Brett Favre Explains How He Had Suicidal Thoughts In Connection With Past Addiction Struggles

Photo: Bolling with Favre Podcast
Brett Favre Announces Suicidal Thoughts In Connection With Past Addiction Struggles

If asked to picture the most legendary athlete they can think of, there’s more than a solid chance that sports fans of a certain age will picture Brett Favre.

To say that the former footballer has an impressive resume would be an understatement. The quarterback and three-peat MVP played for four teams over the span of twenty years, spending the majority of seasons with the Green Bay Packers. 

Favre has won the Super Bowl, set multiple records with the league and the Packers, and was inducted into the Pro Football Hall of Fame in 2016. 

The highly decorated pro athlete has also struggled publicly with addiction

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Take as needed for the pain

It began as a remedy for a sprained ankle, and it blossomed into a struggle that would come close to ending his life. Favre suggests that, even after all it put him through, he honestly can’t say if he even needed pain pills for that ankle. 

But take them he did, figuring, in his words, “What the heck? Why not?” 

The heck turned out to be multiple seizures, rehab, and ultimately, suicidal ideation. Favre went on to admit that, sometimes, he’d take a month’s worth of pills in just two days. 

Rehab didn’t work for him, and his options, as he saw them, were disappearing. One fateful night, with just eight pills in his possession, he sat in the bathroom for two hours, telling himself, “It’s one of two things, I die, or I flush these pills down the toilet.” 

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After he’d pulled the handle, he was inconsolable. 

“I almost wanted to kill myself because of doing that,” Favre said on a recent episode of his podcast. “ I was so mad at myself because now what was I gonna do?” 

While Favre may seem like an untouchable idol for some, his story is not uncommon. Even the most successful among us are prone to the same vulnerabilities that plague the general population. Maybe even more so. 

Normalizing the norm

As of 2017, around 38% of adults in the U.S. had an issue with drugs or alcohol. 8.5 million of them also concurrently suffered from a mental health disorder. Mental illness and substance abuse are also extremely common among football players, with one survey finding that 71% misused opioids. 

Adding to the problem is the ease of access that players seem to have. As some reports of former players suggest, the locker room itself is the biggest supplier. Other players find legitimate medical sources to get their fix in the amounts they need to maintain their addiction. 

Players like Jeff Hatch have spoken out about the problem, demanding that the league take notice and move to action. 

But the NFL moves slowly on issues of player safety. 

How far we've come

As early as the 1990s, researchers were discovering patterns in cognitive conditions that arose after repetitive mild head injury. But the phenomenon of sluggishness following head injuries dates back to early boxing matches and the reporters who labeled them “punch-drunk.”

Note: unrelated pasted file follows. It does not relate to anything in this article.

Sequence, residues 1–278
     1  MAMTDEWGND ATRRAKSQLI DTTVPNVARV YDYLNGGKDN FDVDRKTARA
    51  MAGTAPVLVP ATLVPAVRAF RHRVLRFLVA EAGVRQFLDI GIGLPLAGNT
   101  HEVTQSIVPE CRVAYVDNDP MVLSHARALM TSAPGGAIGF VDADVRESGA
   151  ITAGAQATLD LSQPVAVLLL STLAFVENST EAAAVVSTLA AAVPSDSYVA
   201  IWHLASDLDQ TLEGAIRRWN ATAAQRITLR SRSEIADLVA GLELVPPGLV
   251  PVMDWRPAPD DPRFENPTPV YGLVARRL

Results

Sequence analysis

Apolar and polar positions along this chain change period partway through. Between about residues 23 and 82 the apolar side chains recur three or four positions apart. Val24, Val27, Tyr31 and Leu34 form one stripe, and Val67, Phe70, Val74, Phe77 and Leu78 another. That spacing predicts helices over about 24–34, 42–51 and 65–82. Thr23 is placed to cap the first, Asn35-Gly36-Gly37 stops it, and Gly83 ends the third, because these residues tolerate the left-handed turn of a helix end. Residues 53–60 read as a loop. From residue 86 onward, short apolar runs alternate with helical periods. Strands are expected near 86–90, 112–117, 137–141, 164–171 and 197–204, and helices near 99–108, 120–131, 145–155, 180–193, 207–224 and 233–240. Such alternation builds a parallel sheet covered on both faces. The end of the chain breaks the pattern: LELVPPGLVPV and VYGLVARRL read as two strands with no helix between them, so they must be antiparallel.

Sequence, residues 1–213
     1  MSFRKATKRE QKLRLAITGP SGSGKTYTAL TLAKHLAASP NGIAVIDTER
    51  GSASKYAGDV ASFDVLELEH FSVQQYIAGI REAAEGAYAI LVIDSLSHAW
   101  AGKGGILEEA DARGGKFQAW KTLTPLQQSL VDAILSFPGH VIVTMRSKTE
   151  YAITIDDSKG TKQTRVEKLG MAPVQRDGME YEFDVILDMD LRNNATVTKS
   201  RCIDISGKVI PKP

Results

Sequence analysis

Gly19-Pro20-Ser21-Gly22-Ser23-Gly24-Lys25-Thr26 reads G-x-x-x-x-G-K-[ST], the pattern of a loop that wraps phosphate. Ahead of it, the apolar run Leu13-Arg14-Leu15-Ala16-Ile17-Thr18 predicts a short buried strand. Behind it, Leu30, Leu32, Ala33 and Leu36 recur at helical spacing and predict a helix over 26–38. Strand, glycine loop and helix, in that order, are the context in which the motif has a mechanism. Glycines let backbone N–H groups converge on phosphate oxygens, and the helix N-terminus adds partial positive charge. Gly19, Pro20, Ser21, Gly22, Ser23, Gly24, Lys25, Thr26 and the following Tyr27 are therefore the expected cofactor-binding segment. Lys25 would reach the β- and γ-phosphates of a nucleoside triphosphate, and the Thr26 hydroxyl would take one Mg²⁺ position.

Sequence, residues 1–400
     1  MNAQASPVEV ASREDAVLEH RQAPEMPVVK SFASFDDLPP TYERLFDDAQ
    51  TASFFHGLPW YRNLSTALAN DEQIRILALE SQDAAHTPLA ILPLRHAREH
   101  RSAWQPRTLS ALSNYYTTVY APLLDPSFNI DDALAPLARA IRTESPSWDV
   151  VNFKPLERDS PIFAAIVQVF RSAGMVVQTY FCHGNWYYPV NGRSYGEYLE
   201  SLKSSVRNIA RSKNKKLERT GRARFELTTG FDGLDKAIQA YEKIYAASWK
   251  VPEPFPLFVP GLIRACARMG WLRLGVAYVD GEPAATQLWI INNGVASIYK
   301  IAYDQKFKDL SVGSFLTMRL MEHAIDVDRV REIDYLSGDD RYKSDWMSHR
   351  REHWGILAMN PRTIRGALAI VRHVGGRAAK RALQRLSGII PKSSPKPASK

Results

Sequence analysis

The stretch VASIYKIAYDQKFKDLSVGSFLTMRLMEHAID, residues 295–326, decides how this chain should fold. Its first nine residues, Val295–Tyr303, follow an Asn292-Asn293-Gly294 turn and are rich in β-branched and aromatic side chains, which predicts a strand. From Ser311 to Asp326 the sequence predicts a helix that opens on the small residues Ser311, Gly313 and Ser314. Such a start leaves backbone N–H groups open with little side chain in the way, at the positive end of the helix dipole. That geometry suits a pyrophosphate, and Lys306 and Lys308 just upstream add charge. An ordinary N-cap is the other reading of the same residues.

The league only acknowledged a link between football and the degenerative condition known as CTE in 2016. Researchers began to provide evidence of such a link in the early 2000s, with the work of Dr. Bennet Omalu. And then, in 2017, findings were published that showed CTE in the brains of a sampling of deceased football players -- in 99% of them

CTE has been linked to mental illness and severe cognitive decline that can mimic Alzheimer’s. Players like Brett Favre, who’ve experienced both addiction and severe concussions throughout the course of their career, could possibly find themselves in a cycle where one problem reinforces the other. 

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Over the years, the league has been anything but helpful. Officials have been accused of suppressing the data and attempting to minimize the issue. 

As more star players like Favre come out with stories about their own experiences, other players may be emboldened to reveal their own struggles with addiction or potential CTE symptoms. 

And, as athletes and other public figures speak more on the effects of mental illness, addiction, and suicidal ideation, hopefully the benefits to the public at large will shine through. Normalization is key to reducing stigma and allowing these voices to be heard. Voices that are all suffering from extremely common issues, but suffering alone because of the fear of remaining stigma. 

Favre has been sober for twenty years. The fact that the severity of his struggle was kept secret for so long is a testament to how harshly the public still judges anyone who struggles with their mental health. 

But if the NFL could be convinced to stand behind its players and their wellbeing, they would become a powerful ally in forging the path ahead. 

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Kevin Lankes, MFA, is an editor and author. His fiction and nonfiction have appeared in Here Comes Everyone, Pigeon Pages, Owl Hollow Press, The Huffington Post, The Riverdale Press, and more.